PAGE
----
Aldous huxley the doors of perception

It was in 1886 that the German pharmacologist, Louis Lewin, published the first systematic study of
the cactus, to which his own name was subsequently given. Anhalonium lewinii was new to science.
To primitive religion and the Indians of Mexico and the American Southwest it was a friend of
immemorially long standing. Indeed, it was much more than a friend. In the words of one of the early
Spanish visitors to the New World, "they eat a root which they call peyote, and which they venerate as
though it were a deity."
Why they should have venerated it as a deity became apparent when such eminent psychologists as
Jaensch, Havelock Ellis and Weir Mitchell began their experiments with mescalin, the active principle of
peyote. True, they stopped short at a point well this side of idolatry; but all concurred in assigning to
mescalin a position among drugs of unique distinction. Administered in suitable doses, it changes the
quality of consciousness more profoundly and yet is less toxic than any other substance in the
pharmacologist's repertory.
Mescalin research has been going on sporadically ever since the days of Lewin and Havelock Ellis.
Chemists have not merely isolated the alkaloid; they have learned how to synthesize it, so that the supply
no longer depends on the sparse and intermittent crop of a desert cactus. Alienists have dosed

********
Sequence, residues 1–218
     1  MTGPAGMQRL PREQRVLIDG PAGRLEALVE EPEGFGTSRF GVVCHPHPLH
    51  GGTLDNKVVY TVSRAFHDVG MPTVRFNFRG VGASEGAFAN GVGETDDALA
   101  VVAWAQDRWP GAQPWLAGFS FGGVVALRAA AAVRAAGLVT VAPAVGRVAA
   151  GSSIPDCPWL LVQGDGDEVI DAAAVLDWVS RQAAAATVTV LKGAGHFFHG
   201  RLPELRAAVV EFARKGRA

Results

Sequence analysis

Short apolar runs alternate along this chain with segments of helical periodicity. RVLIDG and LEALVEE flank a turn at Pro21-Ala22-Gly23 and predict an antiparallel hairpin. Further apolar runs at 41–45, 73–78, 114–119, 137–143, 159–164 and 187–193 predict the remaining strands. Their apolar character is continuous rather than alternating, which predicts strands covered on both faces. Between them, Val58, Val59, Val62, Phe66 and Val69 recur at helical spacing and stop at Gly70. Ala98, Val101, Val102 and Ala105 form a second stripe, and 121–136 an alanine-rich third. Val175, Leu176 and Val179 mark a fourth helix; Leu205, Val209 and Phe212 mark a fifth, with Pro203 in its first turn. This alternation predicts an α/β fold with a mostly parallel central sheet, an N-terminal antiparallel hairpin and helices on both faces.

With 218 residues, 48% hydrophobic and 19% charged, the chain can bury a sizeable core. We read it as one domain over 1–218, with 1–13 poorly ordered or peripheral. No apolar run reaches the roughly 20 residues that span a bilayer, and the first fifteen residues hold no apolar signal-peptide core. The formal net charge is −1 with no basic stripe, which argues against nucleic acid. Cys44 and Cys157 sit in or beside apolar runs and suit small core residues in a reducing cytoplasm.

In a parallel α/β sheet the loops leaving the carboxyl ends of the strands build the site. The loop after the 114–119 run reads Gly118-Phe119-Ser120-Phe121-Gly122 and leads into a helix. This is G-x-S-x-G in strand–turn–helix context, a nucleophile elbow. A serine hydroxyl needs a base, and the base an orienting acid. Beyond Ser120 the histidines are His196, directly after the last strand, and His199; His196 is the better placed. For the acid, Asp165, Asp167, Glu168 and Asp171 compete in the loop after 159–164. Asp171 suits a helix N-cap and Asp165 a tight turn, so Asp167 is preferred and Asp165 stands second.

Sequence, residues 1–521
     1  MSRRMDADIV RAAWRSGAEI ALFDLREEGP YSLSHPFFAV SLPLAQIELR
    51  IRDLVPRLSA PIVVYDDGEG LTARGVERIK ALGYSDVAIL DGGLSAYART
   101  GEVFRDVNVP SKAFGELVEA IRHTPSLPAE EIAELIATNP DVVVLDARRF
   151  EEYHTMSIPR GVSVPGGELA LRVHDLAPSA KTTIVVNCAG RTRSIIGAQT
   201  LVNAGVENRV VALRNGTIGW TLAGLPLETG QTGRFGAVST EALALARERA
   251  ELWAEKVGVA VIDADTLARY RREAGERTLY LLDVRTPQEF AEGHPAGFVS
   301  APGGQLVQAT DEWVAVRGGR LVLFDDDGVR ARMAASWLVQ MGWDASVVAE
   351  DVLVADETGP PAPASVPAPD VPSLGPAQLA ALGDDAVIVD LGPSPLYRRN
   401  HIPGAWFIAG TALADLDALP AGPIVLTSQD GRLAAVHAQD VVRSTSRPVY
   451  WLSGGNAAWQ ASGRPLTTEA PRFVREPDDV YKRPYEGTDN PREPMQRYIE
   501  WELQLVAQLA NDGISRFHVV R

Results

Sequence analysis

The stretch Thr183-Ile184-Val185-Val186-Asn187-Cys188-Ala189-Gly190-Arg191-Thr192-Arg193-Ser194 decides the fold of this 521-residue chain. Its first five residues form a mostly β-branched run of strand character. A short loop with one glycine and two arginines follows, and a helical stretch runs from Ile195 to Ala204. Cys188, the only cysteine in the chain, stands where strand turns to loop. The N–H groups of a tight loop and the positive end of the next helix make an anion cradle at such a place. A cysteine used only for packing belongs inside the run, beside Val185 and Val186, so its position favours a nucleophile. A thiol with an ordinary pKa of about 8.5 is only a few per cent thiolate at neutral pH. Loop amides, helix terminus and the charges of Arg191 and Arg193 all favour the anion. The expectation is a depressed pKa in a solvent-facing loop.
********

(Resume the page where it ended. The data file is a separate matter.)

themselves with mescalin in the hope thereby of coming to a better, a first-hand, understanding of their
patients' mental processes. Working unfortunately upon too few subjects within too narrow a range of
circumstances, psychologists have observed and catalogued some of the drug's more striking effects.
Neurologists and physiologists have found out something about the mechanism of its action upon the
central nervous system. And at least one Professional philosopher has taken mescalin for the light it may
throw on such ancient, unsolved riddles as the place of mind in nature and the relationship between brain
and consciousness
There matters rested until, two or three years ago, a new and perhaps highly significant fact was
observed the fact had been staring everyone in the face for several decades; but nobody, as it
happened, had noticed it until a Young English psychiatrist, at present working in Canada, was struck
by the close similarity, in chemical composition, between mescalin and adrenalin. Further research 3

revealed that lysergic acid, an extremely potent hallucinogen derived from ergot, has a structural
biochemical relationship to the others. Then came the discovery that adrenochrome, which is a product
of the decomposition of adrenalin, can produce many of the symptoms observed in mescalin
intoxication. But adrenochrome probably occurs spontaneously in the human body. In other words,
each one of us may be capable of manufacturing a chemical, minute doses of which are known to cause
Profound changes in consciousness. Certain of these changes are similar to those which occur in that
most characteristic plague of the twentieth century, schizophrenia. Is the mental disorder due to a
chemical disorder? And is the chemical disorder due, in its turn, to psychological distresses affecting the
adrenals? It would be rash and premature to affirm it. The most we can say is that some kind of a prima
facie case has been made out. Meanwhile the clue is being systematically followed, the sleuths —
biochemists , psychiatrists, psychologists — are on the trail.